Always wonderful to hear from NALA! 
The four tasks you give the employers are such a very good idea. It reminds me of the profiles for basic skills in jobs which Skills Norway compiled several years ago. They have proven to be very efficient tools for motivation, screening, and to make the learning process really relevamt.
You will find several of these profiles in English at https://www.kompetansenorge.no/English/Basic-skills/basic-job-skills-profiles/
Obrázek uživatele Anita Apine

Latvijā par to lielā mērā rūpējas nodarbinātības valsts aģentūra (http://www.nva.gov.lv/):  sniedzot konsultācijas, piedāvājot dažādus profesionālo prasmju atjaunošanas vai pat iegūšanas iespējas kursu veidā. Aģentūra aktīvi izmanto dažādus ESF finansējuma piedāvājumus. Piemēram, līdz 2019.gada 7.oktobrim no darba devējiem tika pieņemti pieteikumi ESF projekts „Atbalsts bezdarbnieku izglītībai”. Tā ir iespēja darba devējiem saņemt dotāciju, lai sagatavotu vajadzīgos speciālistus, izvēloties un apmācot NVA reģistrētos bezdarbniekus uzņēmuma vidē. Praktisko apmācību ir iespējams organizēt profesionālās kompetences apgūšanai, kas atbilst pirmā, otrā vai trešā profesionālās kvalifikācijas līmeņa profesionālajai kompetencei. Praktisko apmācību neorganizē nekvalificētos un mazkvalificētos darbos. Vairāk skatīt: http://www.nva.gov.lv/index.php?cid=2&mid=2&txt=6055&from=0

Obrázek uživatele Graciela Sbertoli
(... which for some reason I cannot understand, gives a much better translation than if you click on the Google button at the rop of this page):

Acquisition of basic work skills in Latvia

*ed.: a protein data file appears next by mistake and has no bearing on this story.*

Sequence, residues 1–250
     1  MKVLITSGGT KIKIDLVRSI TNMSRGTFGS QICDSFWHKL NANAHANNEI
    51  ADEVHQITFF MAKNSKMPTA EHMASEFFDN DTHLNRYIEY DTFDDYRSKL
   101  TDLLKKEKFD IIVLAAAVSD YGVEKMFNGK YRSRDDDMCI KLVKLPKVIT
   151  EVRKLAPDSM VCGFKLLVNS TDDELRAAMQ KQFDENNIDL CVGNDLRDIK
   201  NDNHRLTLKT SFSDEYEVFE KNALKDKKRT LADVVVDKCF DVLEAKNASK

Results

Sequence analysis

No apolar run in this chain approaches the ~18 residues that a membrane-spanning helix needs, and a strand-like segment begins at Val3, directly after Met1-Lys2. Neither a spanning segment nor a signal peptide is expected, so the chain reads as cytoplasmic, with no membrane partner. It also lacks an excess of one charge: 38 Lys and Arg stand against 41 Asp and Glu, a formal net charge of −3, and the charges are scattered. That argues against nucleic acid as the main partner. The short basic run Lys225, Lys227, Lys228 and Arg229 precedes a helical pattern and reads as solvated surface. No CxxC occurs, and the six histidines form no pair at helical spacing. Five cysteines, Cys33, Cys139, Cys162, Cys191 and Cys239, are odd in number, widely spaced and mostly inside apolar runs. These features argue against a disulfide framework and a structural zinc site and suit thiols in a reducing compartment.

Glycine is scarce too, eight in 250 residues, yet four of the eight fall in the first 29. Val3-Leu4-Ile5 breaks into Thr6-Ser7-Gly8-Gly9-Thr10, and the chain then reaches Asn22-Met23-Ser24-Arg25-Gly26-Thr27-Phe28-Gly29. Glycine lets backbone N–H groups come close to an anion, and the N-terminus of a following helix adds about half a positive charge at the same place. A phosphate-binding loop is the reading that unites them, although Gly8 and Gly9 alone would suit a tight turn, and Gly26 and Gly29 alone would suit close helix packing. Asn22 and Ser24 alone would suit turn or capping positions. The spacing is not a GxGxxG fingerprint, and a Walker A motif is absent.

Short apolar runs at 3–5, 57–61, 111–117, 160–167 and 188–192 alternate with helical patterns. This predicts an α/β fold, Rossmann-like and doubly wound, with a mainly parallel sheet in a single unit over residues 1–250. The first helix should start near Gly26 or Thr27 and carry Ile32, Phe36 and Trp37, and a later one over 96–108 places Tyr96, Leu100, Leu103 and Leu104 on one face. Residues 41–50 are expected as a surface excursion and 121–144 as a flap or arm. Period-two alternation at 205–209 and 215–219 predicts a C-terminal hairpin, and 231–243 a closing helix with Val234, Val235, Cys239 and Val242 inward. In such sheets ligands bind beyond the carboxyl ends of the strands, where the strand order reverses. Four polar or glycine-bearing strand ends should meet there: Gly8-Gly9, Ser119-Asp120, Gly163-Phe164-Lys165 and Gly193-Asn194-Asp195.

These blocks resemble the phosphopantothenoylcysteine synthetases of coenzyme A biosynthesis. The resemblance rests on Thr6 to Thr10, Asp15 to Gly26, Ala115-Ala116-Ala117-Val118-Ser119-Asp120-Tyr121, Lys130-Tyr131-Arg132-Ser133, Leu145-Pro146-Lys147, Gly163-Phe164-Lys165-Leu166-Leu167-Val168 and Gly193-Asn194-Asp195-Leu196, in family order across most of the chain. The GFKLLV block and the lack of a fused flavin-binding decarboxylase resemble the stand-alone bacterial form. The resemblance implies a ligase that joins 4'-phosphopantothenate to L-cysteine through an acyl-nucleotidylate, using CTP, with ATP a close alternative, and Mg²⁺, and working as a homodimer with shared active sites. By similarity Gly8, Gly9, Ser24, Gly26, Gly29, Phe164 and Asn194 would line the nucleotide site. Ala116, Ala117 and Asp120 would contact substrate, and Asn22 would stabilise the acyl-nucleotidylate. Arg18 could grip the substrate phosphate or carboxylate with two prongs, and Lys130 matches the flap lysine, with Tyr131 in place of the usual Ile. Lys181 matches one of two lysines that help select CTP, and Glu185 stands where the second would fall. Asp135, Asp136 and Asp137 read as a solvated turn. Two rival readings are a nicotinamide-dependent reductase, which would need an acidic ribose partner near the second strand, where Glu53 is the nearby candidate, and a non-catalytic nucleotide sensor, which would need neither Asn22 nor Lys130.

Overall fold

In Latvia, this is largely taken care of by the State Employment Agency (http://www.nva.gov.lv/ ): providing advice, offering various opportunities to upgrade or even acquire professional skills through courses. The Agency actively uses the various ESF funding offers. For example, by October 7, 2019, applications from employers were accepted for the ESF project “Support for Unemployment Education”. It is an opportunity for employers to receive a grant to train the necessary professionals in selecting and training SEA registered unemployed people in a company environment. Practical training can be organized for the acquisition of professional competence corresponding to the first, second or third level of professional qualification. Practical training is not organized in unskilled and low-skilled jobs. See more at: http://www.nva.gov.com/index.php?cid=2&mid=2&txt=6055&from=0
Obrázek uživatele Graciela Sbertoli
Thank you again for your input, Anita. Your explanations leave with a question, though: do these courses involve basic skills at all? Do they maybe only involve digital skills?